A complex tubular system begins at the urinary pole (where urine is first formed in the Bowman's space) that extends to the renal papilla. The system comprises the proximal tubule, the loop of Henle, distal tubule and collecting duct. The proximal tubule consists of convoluted and straight portions, lined by tall columnar cells with abundant, acidophilic cytoplasm rich in structures for active fluid transport. The loop of Henle has thin descending and thick ascending portions lined by cuboidal and columnar cells. The distal tubule is narrower and shorter than the proximal tubule and lined by low cuboidal cells that do not display the deeply acidophilic, granular cytoplasm characteristic of the proximal tubule. Cuboidal cells with pale acidophilic cytoplasm and central nuclei line the collecting ducts.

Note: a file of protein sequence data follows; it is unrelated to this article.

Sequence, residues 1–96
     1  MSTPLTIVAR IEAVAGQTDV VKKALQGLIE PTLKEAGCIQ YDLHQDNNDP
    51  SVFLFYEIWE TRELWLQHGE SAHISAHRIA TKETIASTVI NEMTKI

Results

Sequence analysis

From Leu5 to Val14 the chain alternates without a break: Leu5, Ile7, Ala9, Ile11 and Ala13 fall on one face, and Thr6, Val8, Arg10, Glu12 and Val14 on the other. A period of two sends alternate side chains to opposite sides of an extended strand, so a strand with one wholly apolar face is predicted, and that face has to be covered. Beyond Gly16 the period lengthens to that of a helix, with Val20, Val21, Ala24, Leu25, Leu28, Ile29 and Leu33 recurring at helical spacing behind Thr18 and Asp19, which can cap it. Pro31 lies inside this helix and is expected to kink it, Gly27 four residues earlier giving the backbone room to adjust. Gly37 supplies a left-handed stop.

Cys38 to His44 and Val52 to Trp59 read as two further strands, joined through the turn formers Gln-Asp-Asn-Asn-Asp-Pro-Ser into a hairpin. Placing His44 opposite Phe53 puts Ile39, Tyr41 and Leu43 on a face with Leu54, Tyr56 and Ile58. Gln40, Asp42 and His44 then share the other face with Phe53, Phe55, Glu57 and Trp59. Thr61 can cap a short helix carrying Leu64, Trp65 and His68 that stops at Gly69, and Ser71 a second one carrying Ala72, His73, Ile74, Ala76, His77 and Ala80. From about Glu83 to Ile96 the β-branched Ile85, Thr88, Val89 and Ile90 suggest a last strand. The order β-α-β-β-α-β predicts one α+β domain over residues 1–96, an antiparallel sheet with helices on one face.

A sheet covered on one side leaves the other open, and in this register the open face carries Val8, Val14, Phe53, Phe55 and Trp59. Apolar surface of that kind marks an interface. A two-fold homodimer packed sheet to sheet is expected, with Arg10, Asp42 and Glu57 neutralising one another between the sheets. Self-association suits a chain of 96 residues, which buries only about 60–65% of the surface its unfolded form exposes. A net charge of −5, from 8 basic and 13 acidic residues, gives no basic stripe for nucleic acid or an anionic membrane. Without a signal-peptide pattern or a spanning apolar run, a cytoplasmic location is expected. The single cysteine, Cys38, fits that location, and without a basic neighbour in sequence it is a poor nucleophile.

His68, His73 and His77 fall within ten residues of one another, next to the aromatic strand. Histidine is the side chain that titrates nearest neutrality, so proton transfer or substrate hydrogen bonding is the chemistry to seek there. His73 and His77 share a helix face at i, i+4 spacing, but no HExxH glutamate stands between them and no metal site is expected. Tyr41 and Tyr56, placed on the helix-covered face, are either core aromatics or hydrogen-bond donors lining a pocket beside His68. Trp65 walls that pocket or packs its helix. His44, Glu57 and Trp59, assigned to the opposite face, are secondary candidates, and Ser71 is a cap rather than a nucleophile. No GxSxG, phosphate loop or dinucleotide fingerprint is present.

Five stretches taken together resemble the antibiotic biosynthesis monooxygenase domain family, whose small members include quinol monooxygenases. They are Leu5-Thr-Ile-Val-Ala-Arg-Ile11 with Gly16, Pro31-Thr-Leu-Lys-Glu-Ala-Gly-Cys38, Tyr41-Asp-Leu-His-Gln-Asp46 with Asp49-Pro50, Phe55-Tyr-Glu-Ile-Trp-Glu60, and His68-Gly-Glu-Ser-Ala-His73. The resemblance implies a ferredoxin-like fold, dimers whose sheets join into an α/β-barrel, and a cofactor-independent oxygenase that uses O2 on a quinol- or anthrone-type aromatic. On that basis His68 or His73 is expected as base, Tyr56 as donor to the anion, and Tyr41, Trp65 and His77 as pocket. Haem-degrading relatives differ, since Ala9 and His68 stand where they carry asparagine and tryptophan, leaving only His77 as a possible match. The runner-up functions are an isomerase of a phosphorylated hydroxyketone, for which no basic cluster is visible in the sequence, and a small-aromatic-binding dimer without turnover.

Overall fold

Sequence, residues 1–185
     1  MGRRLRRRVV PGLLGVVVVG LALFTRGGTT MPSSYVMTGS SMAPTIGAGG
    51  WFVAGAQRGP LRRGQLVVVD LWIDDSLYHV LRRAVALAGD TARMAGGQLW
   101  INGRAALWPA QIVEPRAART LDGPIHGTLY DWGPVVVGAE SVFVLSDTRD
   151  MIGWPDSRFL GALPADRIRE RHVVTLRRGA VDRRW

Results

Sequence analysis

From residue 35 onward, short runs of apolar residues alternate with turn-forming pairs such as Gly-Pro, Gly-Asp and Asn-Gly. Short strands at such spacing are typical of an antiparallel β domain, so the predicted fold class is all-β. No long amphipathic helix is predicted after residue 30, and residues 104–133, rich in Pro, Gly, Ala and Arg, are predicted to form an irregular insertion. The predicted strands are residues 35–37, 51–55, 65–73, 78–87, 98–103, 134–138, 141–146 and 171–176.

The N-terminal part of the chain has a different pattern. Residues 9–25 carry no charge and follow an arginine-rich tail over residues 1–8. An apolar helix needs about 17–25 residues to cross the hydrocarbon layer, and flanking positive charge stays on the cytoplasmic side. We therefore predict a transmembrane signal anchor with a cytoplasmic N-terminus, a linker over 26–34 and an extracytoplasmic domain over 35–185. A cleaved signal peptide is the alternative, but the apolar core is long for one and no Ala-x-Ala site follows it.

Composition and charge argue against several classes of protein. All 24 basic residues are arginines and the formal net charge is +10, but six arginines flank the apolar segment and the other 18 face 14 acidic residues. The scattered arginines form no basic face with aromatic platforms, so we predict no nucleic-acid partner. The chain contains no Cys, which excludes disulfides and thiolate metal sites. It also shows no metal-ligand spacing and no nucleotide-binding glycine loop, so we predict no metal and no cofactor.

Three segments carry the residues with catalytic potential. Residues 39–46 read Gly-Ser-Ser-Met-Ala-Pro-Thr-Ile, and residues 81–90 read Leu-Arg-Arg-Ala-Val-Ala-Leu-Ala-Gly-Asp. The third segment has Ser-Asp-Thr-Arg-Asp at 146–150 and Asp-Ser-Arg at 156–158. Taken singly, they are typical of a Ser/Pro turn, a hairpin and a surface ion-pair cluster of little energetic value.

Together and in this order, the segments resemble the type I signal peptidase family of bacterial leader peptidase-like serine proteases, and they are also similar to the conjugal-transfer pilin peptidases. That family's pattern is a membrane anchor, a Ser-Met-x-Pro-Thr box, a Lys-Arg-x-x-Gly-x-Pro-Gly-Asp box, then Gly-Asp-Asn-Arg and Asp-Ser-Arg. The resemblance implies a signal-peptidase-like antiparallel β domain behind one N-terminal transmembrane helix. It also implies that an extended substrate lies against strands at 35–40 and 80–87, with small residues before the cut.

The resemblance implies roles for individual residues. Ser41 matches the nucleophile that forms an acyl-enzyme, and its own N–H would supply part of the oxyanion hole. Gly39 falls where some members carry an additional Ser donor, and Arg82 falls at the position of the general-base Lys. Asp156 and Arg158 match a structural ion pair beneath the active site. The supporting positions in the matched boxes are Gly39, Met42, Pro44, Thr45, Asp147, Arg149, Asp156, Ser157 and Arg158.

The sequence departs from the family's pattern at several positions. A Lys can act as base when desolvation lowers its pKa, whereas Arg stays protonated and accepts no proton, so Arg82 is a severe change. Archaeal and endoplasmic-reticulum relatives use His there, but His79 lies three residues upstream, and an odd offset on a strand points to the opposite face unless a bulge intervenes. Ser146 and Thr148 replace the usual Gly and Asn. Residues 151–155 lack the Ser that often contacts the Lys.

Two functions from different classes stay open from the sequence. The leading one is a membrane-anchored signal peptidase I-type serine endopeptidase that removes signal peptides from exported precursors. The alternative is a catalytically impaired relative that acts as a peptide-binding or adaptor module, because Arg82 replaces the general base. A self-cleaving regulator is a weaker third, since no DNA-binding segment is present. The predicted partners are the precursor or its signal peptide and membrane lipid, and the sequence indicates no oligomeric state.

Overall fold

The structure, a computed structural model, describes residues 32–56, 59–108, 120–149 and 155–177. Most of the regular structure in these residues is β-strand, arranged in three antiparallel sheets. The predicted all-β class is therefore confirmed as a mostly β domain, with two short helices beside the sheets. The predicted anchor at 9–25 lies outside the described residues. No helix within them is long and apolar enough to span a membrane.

The interstitium is more easily conceptualized as space rather than a structure; it is visualized only when abnormal. The interstitium contains specialized interstitial cells and connective tissue elements. The larger renal blood vessels are structurally similar to those in other body sites.
Here, the protein-coding genes expressed in kidney are described and characterized, together with examples of immunohistochemically stained tissue sections that visualize corresponding protein expression patterns of genes with elevated expression in kidney.
Transcript profiling was based on a combination of two transcriptomics datasets (HPA and GTEx), corresponding to a total of 14590 samples from 54 different human normal tissue types. The final consensus normalized expression (nTPM) value for each tissue type was used for the classification of all genes according to the tissue-specific expression into two different categories, based on specificity or distribution.
Relevant links and publications
Uhlén M et al., Tissue-based map of the human proteome. Science (2015)